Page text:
True Fans and the Footprint of Core Audience

by John Onorato

 

To date, there have been many campaigns that happened online, for the most part.  One very successful example is the Occupy movement.  The “We are the 99%” crusade began in 2011.  Another effective endeavor that still continues is the Human Rights Campaign (HRC), which went viral in 2013.  These campaigns had many grassroots-type elements in them, allowing people to feel as if they had a personal stake in the destiny of the movement.  These elements also contributed financially to the endeavors and got the groups talked about — thus ensuring their success with Crowdfunding Promotion.

Fans make good things happen

There are many similar examples to be found in various places.  Two great places to start looking are here on pmd-partners.com and also on kickstarter.com, where screenwriter Rob Thomas’ Veronica Mars movie project recently enjoyed so much success.

For those not familiar with the TV series, Veronica Mars was set in a fictional California town.  The eponymous character, played by Kristen Bell, was a high school student who at night was also a private investigator.  She operated with the assistance of her father, a detective.  The series lasted three years, over which time it accrued a significant fan base.After the series ended, Thomas continued the project, writing a feature film script for Warner Bros. studios, who declined to back it.  And here’s where the commonality with the other online campaigns is seen:  The fans.  Or, if you will, the fanatics.  These two words have at their root the Latin “fanaticus,” a word describing speech or behavior that might manifest when one is possessed by a god.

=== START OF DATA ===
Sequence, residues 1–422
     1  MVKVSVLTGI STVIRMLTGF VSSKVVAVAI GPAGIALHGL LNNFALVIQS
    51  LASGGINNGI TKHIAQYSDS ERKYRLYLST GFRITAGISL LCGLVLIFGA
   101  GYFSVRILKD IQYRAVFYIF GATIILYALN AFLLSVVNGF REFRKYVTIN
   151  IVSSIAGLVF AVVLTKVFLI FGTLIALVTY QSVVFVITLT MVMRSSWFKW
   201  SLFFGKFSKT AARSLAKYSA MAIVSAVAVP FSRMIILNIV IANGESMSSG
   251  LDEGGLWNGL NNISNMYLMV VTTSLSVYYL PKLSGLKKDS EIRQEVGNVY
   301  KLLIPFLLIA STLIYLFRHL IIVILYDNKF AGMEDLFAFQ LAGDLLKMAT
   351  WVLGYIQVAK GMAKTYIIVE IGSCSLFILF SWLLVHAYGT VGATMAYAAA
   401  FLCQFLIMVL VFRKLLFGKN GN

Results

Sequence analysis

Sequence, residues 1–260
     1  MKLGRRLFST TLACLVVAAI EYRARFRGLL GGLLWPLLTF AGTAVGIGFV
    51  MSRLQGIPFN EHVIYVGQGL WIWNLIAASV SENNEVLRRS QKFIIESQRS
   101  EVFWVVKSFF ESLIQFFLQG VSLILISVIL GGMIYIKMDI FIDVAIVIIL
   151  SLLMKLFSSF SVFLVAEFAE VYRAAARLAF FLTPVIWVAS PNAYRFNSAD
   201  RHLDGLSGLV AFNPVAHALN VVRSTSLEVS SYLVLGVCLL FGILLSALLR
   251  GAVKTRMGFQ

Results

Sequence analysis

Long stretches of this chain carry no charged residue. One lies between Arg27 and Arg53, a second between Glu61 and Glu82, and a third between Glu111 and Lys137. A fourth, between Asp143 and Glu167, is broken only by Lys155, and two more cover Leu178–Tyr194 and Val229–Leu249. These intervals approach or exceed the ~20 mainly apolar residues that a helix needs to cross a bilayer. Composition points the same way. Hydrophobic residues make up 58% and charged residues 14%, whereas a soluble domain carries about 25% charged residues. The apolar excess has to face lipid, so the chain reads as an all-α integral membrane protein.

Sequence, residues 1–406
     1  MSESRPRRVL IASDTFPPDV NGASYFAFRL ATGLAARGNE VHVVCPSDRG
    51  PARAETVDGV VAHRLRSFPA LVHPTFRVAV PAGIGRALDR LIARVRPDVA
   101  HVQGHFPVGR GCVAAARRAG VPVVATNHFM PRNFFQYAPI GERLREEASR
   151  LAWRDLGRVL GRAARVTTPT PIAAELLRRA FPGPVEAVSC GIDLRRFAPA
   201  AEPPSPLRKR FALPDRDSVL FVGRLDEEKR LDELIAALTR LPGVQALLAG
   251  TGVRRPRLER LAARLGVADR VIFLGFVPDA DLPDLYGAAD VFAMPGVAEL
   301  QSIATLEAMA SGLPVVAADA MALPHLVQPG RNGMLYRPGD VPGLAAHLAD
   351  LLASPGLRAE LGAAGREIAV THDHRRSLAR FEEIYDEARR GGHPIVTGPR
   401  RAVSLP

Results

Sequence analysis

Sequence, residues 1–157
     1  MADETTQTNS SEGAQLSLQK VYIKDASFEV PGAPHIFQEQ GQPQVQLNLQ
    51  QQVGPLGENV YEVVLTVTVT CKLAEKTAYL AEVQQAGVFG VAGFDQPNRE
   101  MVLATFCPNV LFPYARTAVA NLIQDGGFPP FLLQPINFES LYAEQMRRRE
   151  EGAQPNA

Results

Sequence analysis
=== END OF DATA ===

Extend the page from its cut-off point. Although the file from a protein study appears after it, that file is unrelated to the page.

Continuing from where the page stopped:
The fans certainly delivered for Thomas and Co.’s Veronica Mars.  The project goal was $2 million; that was met within just ten hours of opening.  Over 30 days, they raised over $5.7 million dollars, allowing Thomas and Warner Bros. to release the movie on March 14, 2014.

Clearly, fans can make things happen.  Fanaticism makes things happen.  Therefore it’s important to understand fanaticism, so as to be able to use its power within your own projects.  It’s especially important to use within crowdfunding campaigns, which don’t have the same resources as large studios.

Primarily, there must be a reward for fans.  In the case of the Veronica Mars fan base, the movie itself was the reward.  Promise the fans something they really want, and then they will be more willing to assist your endeavor.  The cinematic continuation of the series was the whole reason why the project was backed in the first place.